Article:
The defendant rental vehicle company was found to be the proper defendant in an action involving one of its vehicles driven by an unidentified motorist.

[2011] B.C.J. No. 1646

2011 BCSC 1173

British Columbia Supreme Court

N. Affleck J.

August 30, 2011

The plaintiff was involved in a single vehicle accident when she swerved to avoid a vehicle driving the wrong way on the highway. The plaintiff did not obtain the licence plate number of the vehicle but was 80-90% certain it was a U-Haul vehicle. The defendants in the action were John Doe, the Insurance Corporation of British Columbia ("ICBC"), pursuant to the unidentified motorist provisions of the Insurance (Motor Vehicle) Act, R.S.B.C. 1996, c. 231, and U-Haul Co. (Canada) Ltd. ("U-Haul") pursuant s. 86 of the Motor Vehicle Act, R.S.B.C. 1996, c. 318, which provides for vicarious liability against the owner of a vehicle if the vehicle is driven with the consent of the owner. This was an application brought by ICBC to determine whether it or U-Haul was the proper defendant.

The application was decided on an agreed statement of facts. U-Haul agreed that the facts could reasonably lead the Court to draw an inference that it owned the vehicle. The only issue to be decided was whether the driver of the U-Haul had acquired possession of the vehicle with U-Haul's consent.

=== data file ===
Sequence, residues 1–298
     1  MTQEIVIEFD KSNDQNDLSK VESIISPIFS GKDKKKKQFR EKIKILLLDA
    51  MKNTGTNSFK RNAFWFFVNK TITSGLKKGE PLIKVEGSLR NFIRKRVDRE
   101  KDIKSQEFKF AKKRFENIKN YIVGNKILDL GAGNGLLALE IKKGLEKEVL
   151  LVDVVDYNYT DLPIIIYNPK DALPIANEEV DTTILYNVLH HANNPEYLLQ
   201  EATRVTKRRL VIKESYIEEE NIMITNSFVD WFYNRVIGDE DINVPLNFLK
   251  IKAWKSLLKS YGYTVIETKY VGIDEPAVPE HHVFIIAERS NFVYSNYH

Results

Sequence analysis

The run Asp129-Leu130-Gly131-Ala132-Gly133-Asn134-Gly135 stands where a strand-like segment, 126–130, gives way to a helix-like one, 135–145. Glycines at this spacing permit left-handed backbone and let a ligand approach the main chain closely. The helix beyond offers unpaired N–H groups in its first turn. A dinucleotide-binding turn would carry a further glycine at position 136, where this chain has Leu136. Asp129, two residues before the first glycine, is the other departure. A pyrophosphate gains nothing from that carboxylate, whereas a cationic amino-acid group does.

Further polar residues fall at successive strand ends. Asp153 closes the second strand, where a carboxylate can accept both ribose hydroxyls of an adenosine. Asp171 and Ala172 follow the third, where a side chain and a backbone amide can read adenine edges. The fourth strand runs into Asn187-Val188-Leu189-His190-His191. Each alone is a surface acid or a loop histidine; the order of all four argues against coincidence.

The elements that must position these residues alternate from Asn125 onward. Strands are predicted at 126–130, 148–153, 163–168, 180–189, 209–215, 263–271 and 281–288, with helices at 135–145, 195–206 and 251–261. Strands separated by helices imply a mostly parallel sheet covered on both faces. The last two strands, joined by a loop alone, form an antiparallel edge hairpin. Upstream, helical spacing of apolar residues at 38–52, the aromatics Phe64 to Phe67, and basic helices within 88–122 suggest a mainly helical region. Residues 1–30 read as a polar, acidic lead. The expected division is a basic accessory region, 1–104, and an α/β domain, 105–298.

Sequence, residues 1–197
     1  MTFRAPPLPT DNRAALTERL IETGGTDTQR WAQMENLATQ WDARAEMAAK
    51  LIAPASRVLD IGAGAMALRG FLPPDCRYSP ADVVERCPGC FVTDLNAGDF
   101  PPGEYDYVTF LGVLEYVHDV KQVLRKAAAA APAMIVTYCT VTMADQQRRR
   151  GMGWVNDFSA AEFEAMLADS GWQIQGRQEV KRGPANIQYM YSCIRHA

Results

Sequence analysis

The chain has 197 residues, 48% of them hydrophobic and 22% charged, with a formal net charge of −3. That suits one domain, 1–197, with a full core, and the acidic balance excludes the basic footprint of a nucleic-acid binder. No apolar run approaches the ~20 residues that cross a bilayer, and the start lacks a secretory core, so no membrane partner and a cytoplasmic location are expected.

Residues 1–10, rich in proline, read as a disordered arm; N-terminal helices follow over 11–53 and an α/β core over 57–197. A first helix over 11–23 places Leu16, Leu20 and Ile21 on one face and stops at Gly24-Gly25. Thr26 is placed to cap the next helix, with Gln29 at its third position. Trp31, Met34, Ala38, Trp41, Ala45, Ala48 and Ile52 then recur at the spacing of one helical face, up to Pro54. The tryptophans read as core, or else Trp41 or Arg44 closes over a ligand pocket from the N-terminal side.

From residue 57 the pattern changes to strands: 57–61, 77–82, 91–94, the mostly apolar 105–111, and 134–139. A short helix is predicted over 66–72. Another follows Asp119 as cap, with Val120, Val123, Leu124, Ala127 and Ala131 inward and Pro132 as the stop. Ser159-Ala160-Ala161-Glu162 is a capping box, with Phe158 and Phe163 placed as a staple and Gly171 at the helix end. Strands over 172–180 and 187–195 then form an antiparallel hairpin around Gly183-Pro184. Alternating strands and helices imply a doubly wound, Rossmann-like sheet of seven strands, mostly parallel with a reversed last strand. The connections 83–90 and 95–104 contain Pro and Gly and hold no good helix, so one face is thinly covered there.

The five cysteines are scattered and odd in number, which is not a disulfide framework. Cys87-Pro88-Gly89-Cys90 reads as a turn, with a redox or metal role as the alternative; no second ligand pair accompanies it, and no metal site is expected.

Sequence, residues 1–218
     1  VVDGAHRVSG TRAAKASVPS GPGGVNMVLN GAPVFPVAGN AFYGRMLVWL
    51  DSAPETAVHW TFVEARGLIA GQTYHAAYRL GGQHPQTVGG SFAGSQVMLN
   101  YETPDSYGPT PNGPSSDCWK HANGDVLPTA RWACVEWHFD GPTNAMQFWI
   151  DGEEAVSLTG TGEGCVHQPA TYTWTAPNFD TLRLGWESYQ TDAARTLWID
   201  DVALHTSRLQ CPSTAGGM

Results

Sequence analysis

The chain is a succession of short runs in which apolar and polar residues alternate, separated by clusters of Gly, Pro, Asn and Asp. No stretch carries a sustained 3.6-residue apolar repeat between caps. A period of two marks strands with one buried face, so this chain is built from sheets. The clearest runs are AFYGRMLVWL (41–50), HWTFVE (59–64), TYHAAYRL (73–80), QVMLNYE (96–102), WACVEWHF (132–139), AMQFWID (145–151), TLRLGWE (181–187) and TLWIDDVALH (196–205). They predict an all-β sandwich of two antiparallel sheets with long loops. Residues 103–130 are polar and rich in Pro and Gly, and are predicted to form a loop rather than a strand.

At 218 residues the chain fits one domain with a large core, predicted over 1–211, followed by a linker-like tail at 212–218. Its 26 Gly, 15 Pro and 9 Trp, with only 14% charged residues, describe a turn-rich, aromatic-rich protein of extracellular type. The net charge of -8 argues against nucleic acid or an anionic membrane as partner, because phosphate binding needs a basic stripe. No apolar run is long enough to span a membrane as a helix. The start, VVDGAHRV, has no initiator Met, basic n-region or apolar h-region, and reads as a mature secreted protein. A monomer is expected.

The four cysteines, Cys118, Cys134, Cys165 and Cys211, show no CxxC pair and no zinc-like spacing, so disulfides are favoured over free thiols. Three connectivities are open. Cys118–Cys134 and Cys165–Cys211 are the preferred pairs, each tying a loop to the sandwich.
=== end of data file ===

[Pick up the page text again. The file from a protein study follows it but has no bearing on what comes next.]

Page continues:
The accident occurred at approximately 5:15 a.m. in the westbound lanes of Highway 1 near the Horseshoe Bay Ferry Terminal in West Vancouver. At approximately 5:00 a.m., two employees at the Horseshoe Bay Ferry Terminal both spoke with the driver of a U-Haul vehicle and advised him that he was travelling the wrong way to get to his destination. The driver returned to the U-Haul vehicle and exited the ferry terminal, driving westbound on Highway 1 on the wrong side of the median. The driver was a man in his mid-50s.

Based on the agreed facts, the motions judge held that it was probable the U-Haul vehicle was not stolen. This suggested that it was either driven by the person who rented the vehicle or by someone who was at least 18 years of age and was driving with the consent of the rental customer. The judge took notice that a driver in British Columbia must have a driver's licence and therefore concluded it was probable the driver in question did have a driver's licence. Based on these facts, the judge determined he could safely draw inference that it was more likely than not that the driver had U-Haul's consent to drive the vehicle. In the result, it was determined that U-Haul was the proper defendant in the action.